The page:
“We must reduce our debt,” said Senegal’s President Macky Sall.
“We must focus on internal mobilisation that will favour African companies,” replied Tidjane Thiam, an international financier.
“We must mobilise domestic revenue,” said Abebe Aemro Selassie, Africa director of the IMF.
These statements were heard at the 20th International Economic Forum on Africa co-organised by the Organisation for Economic Cooperation and Development’s Development Centre, the African Union and Senegal on 22 February to find ways to invest “for a sustainable recovery in Africa”.
These three men are trying to come up with solutions to find the money that is sorely needed to deal with both the health crisis and the major economic crisis that Covid-19 has caused on the African continent. Their three solutions – out of the 15 others proposed – were deemed the most likely to succeed by the 600-odd people in attendance.
A debt-payment moratorium and special drawing rights insufficient for Sall
Sall brought out the big guns. Due to their efforts to fight the pandemic while protecting the living standards of their citizens, African governments no longer have the money to revive their countries’ economies by relying on digital tools, energy or tourism, he said.
What about the G20 agreeing to suspend debt obligations until June 2021 or even until the end of 2021? This only amounts to a few billion dollars.
What about the creation of IMF Special Drawing Rights (SDRs)? That would give $18bn for sub-Saharan Africa – not a huge amount in the grand scheme of things.
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That leaves the $365bn in African debt. A colossal burden, but barely 2% of the world’s debt, according to the Senegalese President. “Our countries are calling for substantial debt relief,” he said.
Tidjane Thiam supports “domestic champions”
Unlike Sall, Thiam and Abebe do not believe that the billions needed depend solely on international goodwill.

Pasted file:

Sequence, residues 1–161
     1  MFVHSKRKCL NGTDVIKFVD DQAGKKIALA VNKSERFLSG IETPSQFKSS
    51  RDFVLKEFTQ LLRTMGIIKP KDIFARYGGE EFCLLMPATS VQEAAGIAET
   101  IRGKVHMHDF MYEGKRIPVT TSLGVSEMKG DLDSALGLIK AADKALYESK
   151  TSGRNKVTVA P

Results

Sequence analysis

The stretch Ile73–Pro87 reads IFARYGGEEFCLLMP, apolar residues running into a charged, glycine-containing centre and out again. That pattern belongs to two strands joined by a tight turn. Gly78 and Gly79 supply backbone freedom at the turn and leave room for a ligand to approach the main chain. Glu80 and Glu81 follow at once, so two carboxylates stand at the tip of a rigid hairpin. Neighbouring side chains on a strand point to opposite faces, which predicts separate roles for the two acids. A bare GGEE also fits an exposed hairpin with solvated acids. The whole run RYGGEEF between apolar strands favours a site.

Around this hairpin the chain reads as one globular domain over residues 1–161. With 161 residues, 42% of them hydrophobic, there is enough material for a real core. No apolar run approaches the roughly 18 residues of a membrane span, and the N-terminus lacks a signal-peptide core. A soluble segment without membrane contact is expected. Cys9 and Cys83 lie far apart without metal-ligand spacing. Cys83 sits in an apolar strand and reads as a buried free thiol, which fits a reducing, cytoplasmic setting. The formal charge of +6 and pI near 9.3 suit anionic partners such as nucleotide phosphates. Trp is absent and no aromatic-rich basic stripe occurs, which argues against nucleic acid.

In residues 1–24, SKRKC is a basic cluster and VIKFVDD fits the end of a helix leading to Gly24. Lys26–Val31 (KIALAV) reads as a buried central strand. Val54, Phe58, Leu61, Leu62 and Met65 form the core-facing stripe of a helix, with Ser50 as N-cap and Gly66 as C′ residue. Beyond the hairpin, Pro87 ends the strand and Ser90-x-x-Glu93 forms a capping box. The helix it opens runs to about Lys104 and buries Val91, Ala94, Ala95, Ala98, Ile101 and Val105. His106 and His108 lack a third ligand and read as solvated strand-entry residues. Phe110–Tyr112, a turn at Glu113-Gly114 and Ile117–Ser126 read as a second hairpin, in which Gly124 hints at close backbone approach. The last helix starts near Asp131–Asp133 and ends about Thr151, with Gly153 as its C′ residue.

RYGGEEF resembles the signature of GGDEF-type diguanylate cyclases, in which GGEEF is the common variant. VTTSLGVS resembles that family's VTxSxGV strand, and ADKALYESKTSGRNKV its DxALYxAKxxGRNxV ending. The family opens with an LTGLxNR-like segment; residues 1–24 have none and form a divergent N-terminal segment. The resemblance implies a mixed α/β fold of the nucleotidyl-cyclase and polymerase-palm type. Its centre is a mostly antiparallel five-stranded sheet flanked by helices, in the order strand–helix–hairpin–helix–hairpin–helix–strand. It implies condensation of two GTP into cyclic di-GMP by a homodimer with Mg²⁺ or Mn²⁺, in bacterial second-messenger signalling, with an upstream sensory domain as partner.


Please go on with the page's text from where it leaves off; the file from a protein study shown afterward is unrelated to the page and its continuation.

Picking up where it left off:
A former boss of Prudential and Credit Suisse and now the founder of an investment fund, Thiam insists on the need for African effort. Attracting foreign capital, without which Africa will remain on the sidelines of value-creation chains, requires that the continent supports its companies.
“Before betting on a country, investors look at its growth but also at its business fabric,” he said. “If they don’t see dynamic small and medium-sized enterprises (SMEs), they don’t come. Like Beijing in the 1980s, our governments must support the birth of domestic champions that will give international investors confidence.”
Don’t tell him that the informal sector hinders development. “When Bill Gates founded Microsoft in a garage, it was informal!”
And don’t tell him that Africa needs more loans for SMEs. “It’s capital, not loans, that they need,” he added, before saying that he is optimistic because “a lot of money is circulating in the world.” It is possible to attract it with a “conducive” environment.
Abebe’s advice is to raise taxes and reduce subsidies
Abebe expressed a similar view – help yourself and heaven will help you – when he insisted on the need to “mobilise much more national revenue than before the crisis.”
In short, this means increasing tax levies fairly and also eliminating subsidies that are a burden on budgets and benefit the richest in particular.
“Mobilisation” also implies developing the African middle classes and convincing them to invest in projects to complement public investment, which is being increasingly hindered by the lack of funds.
However, consent to taxation as well as the mobilisation of national savings also presupposes virtues such as good governance and transparency. They are requirements for inspiring trust, without which the billions needed for development will be unavailable.
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